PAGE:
Hyperinflation is is one of those concepts that many pupils simply do not get their heads around. The figures involved are incomprehensible, it bears little resemblance to anything that they have ever experienced and when explained is quite often simply unbelievable. This is an overview of an activity that I put together some time ago. It aims to make the main points a little more understandable.
When I first started teaching the concept of Hyperinflation to GCSE pupils they struggled to understand the social and economic impact of the rapid decline in the value of money. I wanted them to ‘get’ how it could impact on daily life, understand what the consequences were for people who, like them, were used to money being relatively stable in terms of its purchasing power. My attempt at achieving this was this activity, currently hosted on Ian Dawson’s fabulous Thinking History website.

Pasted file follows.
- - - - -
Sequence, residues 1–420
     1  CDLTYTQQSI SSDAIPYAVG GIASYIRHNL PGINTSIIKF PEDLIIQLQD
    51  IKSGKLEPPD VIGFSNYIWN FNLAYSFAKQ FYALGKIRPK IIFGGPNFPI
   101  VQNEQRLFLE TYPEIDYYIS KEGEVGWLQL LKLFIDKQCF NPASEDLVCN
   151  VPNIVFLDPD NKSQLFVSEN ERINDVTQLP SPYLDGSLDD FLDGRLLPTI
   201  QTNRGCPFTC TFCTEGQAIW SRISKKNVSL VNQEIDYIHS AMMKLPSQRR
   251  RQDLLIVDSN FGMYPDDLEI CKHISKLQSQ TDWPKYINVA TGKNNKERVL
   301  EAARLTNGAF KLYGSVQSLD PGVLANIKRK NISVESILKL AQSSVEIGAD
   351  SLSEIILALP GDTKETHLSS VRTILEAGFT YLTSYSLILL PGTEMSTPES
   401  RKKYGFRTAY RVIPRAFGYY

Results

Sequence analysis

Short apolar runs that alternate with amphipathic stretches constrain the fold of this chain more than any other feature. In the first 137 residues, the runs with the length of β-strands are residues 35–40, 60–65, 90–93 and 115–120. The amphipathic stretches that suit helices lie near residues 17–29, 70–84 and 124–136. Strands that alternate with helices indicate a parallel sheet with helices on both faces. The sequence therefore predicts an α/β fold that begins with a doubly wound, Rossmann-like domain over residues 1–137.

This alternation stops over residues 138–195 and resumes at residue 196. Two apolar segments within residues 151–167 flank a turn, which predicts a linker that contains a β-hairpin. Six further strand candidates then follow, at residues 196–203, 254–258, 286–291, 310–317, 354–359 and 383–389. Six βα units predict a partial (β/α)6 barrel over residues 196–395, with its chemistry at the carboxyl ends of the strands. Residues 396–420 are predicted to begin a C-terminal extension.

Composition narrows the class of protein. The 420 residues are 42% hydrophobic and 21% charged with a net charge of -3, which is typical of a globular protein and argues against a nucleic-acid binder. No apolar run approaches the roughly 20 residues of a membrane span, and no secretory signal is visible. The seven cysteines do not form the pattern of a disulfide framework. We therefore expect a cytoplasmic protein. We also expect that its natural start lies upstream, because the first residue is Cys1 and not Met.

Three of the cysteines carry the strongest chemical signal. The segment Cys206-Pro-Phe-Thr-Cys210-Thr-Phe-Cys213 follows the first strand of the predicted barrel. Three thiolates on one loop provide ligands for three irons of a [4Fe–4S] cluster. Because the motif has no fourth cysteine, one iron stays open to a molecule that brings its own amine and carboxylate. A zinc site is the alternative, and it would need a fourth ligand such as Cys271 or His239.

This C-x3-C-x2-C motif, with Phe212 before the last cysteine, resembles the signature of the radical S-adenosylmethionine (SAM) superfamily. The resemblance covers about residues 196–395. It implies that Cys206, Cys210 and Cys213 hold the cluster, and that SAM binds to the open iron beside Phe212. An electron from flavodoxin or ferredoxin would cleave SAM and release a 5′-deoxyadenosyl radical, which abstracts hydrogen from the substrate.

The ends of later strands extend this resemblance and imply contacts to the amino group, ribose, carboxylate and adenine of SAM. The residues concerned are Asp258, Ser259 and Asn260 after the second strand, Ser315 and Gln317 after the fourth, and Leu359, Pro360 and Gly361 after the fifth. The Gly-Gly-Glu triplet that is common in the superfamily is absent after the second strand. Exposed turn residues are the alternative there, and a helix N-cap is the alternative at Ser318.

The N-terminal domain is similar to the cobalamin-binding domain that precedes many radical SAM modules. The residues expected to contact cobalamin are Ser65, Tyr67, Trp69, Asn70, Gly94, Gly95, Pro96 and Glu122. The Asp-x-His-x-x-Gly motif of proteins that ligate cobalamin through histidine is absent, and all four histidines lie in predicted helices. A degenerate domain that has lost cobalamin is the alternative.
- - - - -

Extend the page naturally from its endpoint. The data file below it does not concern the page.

The activity combines a little bit of maths with a visit to the school shop. The twist, is that the prices at the shop are changing minute by minute. Whilst this clearly wasn’t the case in Germany in 1922, it does highlight the rapid depreciation of the value of money at the time.
Pupils have always seemed to enjoy the activity. Perhaps because it usually results in a box of chocolates to devour… More important, they can grasp the severity of the hyperinflation crisis, relate it to something that is relatively simple and from their begin to analyse how it would affect other things, such as the wider economy and the way in which a household could be run.
Link – When Money Dies: 5 Currencies that crashed. Infographics showing the impact and scale of five examples of hyperinflation.
Hyperinflation in Germany, 1923. An account on our sister site about the Hyperinflation Crisis of 1923.